When it comes time for me to buy the farm, I may be able to become the farm as well. Instead of choosing to be embalmed with toxic chemicals such as formaldehyde (a known carcinogen) or cremated and releasing particulate matter and greenhouse gasses into the atmosphere, I can now tell my loved ones to bury me in the Sustainable Mushroom Death Suit.
Visual artist Jae Rhim Lee created this full body shroud laced with spore infused threads as a part of the Infinity Burial Project which proposes “alternatives for the postmortem body”. Now, in addition to being flash frozen and shattered by sonic waves, composted, or incorporated into artificial ocean reefs, you can become substrate for mushrooms that not only naturally decompose your body, but help clean the surrounding environment.
Lee, along with mycologist Timothy Myles, has been investigating which strains of mycelium thrive best on human tissue by experimenting with her own hair and fingernail clippings and has developed a “decompiculture” kit that adds spores to embalming chemicals and makeup. Dubbed the “Infinity Mushroom”, this special strain of fungus helps to quickly and efficiently break down dead human tissue as well as neutralize toxins around the burial site.
According to the CDC, human bodies contain over 200 toxic chemicals at the time of death, including pesticides, fungicides, flame retardants, heavy metals, and ingredients found in the production of plastics. As a final gift to the world, the Mushroom Suit could render these compounds harmless and eliminate the need for dangerous embalming fluids.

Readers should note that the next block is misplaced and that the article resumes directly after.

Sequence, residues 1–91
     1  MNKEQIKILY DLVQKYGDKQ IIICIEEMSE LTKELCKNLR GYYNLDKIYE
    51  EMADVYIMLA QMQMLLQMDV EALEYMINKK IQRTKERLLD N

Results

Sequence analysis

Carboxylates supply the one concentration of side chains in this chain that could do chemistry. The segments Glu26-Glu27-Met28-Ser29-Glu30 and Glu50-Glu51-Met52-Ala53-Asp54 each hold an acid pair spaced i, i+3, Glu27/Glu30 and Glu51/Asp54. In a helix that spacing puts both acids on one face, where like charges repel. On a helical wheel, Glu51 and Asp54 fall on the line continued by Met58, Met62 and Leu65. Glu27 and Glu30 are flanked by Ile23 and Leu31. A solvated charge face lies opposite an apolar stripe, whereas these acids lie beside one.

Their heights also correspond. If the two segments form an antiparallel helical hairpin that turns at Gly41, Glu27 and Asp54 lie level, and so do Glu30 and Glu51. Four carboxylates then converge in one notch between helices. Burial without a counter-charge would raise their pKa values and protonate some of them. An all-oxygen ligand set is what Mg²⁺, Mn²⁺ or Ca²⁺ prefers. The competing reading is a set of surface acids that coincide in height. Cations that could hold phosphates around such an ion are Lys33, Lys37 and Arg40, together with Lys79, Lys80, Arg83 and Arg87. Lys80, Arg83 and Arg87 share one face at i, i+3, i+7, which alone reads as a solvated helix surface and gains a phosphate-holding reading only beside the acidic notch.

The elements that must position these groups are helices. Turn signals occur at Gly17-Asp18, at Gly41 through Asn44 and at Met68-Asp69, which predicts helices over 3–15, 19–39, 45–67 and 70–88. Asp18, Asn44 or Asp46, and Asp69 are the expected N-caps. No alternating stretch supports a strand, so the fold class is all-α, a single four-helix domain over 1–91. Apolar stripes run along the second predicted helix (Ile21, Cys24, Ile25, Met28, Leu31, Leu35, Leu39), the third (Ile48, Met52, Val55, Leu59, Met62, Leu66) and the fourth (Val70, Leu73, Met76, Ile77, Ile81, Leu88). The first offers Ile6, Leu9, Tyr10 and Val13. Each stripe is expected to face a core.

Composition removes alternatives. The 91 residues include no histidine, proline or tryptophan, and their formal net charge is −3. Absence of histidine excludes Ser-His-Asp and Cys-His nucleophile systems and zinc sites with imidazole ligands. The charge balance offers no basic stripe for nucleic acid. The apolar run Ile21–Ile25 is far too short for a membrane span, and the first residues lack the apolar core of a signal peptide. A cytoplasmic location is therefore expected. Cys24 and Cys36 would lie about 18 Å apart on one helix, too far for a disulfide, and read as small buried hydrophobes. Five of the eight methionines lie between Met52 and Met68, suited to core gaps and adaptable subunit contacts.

In addition to acting as a sustainable way to return one’s body to the earth, the Mushroom Suit is also Lee’s personal exploration into the psychological response to death. Considering that embalming is a relatively new development in human history and the current state of our planet’s ecological health, leaving our earthly husks as mini clean-up crews might not be such a bad idea. By donning the mushroom shroud, you could leave the world a little healthier upon your departure.
Would you rejoin the Cycle of Life as a miraculous mushroom?
P. S. If you’re into consuming mushrooms in the here and now, like the edible kind, be sure to check out our article on Hunting Chanterelles in San Luis Obispo. I think you’ll really dig it!
Special thanks to Morgana Matus for contributing this blog post.
Photo Credit: Amanita jacksonii button mushrooms (Wikipedia)